Though many burns are minor, some burns can be serious, and even fatal. First-degree burns are the most minor burns, and only cause minor redness, pain, and swelling of the skin. They should heal within days or weeks. Second-degree burns are more serious and involve blisters, but are still not usually too serious. Third-degree burns are serious and can require skin grafts, therapy, and surgery. In some cases, they can cause complications, including dehydration and kidney damage, and be fatal.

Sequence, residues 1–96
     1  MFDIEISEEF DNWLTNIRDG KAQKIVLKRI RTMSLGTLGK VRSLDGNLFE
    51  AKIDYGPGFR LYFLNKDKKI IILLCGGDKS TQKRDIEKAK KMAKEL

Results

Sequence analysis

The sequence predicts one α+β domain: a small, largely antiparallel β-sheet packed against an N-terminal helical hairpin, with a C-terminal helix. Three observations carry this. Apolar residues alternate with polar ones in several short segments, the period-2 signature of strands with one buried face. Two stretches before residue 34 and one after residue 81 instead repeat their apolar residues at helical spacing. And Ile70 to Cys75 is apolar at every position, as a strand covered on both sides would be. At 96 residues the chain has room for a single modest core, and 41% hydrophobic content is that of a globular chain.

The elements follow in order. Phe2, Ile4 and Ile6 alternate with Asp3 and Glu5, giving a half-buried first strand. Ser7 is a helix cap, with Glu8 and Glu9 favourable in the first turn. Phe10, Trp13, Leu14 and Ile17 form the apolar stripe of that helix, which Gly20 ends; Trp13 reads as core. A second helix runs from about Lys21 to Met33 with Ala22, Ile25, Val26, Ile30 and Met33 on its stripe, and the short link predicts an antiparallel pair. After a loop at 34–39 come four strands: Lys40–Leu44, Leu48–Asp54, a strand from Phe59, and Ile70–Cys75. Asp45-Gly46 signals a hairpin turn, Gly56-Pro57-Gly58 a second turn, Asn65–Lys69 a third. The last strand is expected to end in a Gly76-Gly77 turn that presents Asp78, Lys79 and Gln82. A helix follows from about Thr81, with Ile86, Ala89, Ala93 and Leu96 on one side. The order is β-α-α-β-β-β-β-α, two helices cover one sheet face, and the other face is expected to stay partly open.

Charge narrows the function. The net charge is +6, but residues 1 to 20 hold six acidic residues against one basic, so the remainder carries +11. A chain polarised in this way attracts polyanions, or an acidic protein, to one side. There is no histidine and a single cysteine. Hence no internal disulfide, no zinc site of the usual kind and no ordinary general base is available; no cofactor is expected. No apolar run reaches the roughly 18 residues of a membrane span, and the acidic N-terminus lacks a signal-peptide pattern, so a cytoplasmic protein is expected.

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Honor Society of Nursing (STTI) answered
Stuart Linder, MD, Plastic & Reconstructive Surgery, answeredThird degree burns can be serious. A third degree burn is full thickness of the epidermis and dermis which can lead to serious disfigurement, dehydration, and in large total body surface area burns can be fatal. In general, serious third degree burn patients should be managed in a accredited Burn unit with ICU capabilities. Inhalation burns may require airway management with a ventillator. Deeper burns may require escharotomies and fasciotomies of the chest to allow for lung and thoracic movement of air.